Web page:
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From the author of the New York Times bestseller Utopia for Realists, a "bold" (Daniel H. Pink), "provocative" (Adam Grant) argument that our innate goodness and cooperation have been the greatest factors in humanity's success.
"I greatly enjoyed reading Humankind, a challenging book which made me see humanity from a fresh perspective. I warmly recommend it to others, and I trust it will stir a lot of fruitful discussions." —Yuval Noah Harari, author of the #1 bestseller Sapiens
THE #1 DUTCH BESTSELLER
If there is one belief that has united the left and the right, psychologists and philosophers, ancient thinkers and modern ones, it is the tacit assumption that humans are bad. It's a notion that drives newspaper headlines and guides the laws that shape our lives. From Machiavelli to Hobbes, Freud to Pinker, the roots of this belief have sunk deep into Western thought. Human beings, we're taught, are by nature selfish and governed primarily by self-interest.
But what if it isn't true? By providing a new historical perspective on the last 200,000 years of human history, internationally bestselling author Rutger Bregman sets out to prove that we are in fact hard-wired for kindness, geared toward cooperation rather than competition, and more inclined to trust rather than distrust one another. In fact this instinct has a firm evolutionary basis going back to the beginning of Homo sapiens.
This understanding, Bregman suggests, isn't merely optimistic—it's realistic. Moreover, it has huge implications for how society functions. When we think the worst of people, it brings out the worst in our politics and economics. But if we believe in the reality of humanity's kindness and altruism, it will form the foundation for achieving true change in society, a case that Bregman makes convincingly with his signature wit, refreshing frankness, and memorable storytelling.
"Some books challenge our ideas. But Humankind challenges the very premises on which those ideas are based. Its bold, sweeping argument will make you rethink what you believe about society, democracy, and human nature itself. In a sea of cynicism, this book is the sturdy, unsinkable lifeboat the world needs." —Daniel H. Pink, #1 New York Times bestselling author of When and A Whole New Mind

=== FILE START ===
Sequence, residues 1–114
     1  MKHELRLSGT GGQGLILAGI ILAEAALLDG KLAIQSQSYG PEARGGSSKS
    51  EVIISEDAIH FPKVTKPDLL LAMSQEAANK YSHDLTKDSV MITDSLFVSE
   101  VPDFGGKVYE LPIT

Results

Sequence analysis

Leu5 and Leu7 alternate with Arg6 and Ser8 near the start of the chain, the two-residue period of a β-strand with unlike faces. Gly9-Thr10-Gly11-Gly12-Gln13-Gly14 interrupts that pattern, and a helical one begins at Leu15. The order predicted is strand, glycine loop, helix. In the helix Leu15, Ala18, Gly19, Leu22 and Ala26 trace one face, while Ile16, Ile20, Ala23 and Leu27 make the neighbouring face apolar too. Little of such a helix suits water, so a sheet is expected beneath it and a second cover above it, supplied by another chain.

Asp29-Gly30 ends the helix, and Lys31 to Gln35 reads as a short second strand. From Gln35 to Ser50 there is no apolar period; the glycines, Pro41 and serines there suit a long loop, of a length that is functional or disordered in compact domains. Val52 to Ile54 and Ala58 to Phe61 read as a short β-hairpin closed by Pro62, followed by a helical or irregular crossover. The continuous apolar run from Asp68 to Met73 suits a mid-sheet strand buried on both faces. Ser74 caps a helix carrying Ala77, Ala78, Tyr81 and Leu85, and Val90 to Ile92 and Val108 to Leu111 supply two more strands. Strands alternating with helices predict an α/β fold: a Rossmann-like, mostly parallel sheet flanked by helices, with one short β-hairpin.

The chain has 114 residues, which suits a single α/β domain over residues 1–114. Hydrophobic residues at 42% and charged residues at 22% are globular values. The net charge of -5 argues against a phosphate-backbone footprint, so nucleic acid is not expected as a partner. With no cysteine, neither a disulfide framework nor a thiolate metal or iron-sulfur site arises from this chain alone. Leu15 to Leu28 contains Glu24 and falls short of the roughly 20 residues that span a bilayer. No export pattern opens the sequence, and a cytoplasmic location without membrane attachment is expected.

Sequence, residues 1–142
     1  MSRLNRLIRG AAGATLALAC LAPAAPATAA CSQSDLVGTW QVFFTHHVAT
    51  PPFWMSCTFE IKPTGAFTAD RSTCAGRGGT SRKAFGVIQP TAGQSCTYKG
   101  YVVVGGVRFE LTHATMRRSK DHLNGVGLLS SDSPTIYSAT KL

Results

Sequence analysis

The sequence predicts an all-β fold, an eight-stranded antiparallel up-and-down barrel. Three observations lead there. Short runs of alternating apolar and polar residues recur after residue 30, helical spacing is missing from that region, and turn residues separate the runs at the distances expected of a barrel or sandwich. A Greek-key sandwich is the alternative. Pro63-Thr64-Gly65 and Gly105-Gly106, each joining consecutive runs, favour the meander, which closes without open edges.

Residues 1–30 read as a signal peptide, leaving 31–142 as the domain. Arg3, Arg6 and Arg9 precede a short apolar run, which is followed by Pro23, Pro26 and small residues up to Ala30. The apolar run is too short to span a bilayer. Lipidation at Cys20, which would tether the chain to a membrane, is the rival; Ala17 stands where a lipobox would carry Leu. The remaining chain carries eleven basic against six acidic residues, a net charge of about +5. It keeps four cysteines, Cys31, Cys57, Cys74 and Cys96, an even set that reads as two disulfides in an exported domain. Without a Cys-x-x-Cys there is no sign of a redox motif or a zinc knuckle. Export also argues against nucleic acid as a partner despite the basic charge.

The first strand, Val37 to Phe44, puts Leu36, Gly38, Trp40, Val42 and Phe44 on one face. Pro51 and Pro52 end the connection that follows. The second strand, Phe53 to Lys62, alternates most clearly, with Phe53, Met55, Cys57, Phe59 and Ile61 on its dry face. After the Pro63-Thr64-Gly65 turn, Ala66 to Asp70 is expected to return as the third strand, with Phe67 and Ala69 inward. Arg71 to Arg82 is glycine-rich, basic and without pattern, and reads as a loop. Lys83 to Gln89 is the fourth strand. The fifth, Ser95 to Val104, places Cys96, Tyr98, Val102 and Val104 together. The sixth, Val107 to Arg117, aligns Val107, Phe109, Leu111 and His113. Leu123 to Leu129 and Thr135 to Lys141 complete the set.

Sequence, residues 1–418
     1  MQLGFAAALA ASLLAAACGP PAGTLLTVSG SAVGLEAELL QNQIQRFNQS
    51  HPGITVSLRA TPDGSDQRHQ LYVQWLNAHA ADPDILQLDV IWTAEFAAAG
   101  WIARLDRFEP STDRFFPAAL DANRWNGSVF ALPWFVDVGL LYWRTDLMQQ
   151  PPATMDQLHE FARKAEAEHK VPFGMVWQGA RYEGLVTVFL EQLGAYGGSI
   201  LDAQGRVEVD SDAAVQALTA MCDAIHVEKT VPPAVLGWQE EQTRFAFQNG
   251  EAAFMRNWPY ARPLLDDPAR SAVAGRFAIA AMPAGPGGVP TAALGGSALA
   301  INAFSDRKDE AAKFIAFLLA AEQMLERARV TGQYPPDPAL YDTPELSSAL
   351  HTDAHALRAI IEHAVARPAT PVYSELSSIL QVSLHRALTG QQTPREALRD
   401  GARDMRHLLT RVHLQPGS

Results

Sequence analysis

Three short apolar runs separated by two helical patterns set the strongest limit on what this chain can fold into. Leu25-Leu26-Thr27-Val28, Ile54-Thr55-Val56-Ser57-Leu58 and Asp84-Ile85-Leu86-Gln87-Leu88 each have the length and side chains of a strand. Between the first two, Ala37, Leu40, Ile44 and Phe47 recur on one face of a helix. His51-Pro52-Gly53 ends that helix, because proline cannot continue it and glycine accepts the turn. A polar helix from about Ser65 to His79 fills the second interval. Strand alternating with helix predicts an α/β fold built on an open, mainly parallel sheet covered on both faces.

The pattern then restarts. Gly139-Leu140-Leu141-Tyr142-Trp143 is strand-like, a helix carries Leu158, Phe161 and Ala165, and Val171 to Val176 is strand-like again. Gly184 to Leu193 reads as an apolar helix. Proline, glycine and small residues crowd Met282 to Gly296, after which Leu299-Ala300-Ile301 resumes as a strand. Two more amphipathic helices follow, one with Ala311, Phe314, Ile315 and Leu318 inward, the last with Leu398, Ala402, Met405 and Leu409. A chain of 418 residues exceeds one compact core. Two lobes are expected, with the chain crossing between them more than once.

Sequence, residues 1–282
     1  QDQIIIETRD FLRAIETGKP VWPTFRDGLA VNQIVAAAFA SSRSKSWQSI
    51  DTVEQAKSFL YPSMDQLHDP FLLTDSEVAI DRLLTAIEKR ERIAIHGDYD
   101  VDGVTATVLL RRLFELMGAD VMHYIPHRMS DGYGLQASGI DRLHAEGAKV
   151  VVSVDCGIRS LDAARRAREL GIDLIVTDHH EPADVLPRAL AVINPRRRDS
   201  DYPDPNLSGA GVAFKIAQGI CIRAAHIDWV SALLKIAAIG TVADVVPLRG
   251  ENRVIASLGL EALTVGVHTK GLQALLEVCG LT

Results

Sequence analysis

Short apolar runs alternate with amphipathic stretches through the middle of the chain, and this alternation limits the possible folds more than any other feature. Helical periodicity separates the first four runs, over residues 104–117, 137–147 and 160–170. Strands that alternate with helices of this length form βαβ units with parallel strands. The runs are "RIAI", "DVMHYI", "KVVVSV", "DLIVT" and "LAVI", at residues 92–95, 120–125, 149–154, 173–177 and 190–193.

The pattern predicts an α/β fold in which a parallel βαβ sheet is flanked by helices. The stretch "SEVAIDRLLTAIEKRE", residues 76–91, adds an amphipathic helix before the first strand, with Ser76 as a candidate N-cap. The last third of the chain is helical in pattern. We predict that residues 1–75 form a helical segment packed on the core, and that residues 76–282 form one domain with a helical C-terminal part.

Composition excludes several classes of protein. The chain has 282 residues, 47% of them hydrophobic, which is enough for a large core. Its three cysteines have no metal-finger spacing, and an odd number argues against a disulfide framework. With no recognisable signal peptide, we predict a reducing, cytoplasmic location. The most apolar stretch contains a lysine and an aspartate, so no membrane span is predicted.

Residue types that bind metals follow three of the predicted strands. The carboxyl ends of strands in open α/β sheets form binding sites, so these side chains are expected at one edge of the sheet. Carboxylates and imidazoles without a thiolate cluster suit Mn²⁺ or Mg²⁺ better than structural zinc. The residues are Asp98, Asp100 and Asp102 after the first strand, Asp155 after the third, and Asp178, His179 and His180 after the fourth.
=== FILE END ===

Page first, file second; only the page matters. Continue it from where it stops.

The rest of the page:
"Rutger Bregman is one of the most provocative thinkers of our time... This book demolishes the cynical view that humans are inherently nasty and selfish, and paints a portrait of human nature that's not only more uplifting—it's also more accurate... by taking us on a guided tour of the past, he reveals how we can build a world with more givers than takers in the future." —Adam Grant, New York Times bestselling author of Give and Take and Originals
"I greatly enjoyed reading Humankind, a challenging book which made me see humanity from a fresh perspective. I warmly recommend it to others, and I trust it will stir a lot of fruitful discussions." —Yuval Noah Harari, #1 New York Times bestselling author of Sapiens and 21 Lessons for the 21st Century
"Rutger Bregman is one of my favorite thinkers. His latest book challenges our basic assumptions about human nature in a way that opens up a world of new possibilities. Humankind is simple, perceptive and powerful in the way that the best books and arguments are." —Andrew Yang, former US Presidential candidate and New York Times bestselling author of The War on Normal People
"Fascinating... Convincing... After cogently laying out the problem, Bregman turns to solutions... He describes businesses without bosses, schools in which teachers assume that students want to learn, and local governments in which citizens exert genuine power wisely... A powerful argument in favor of human virtue." —Kirkus (starred review)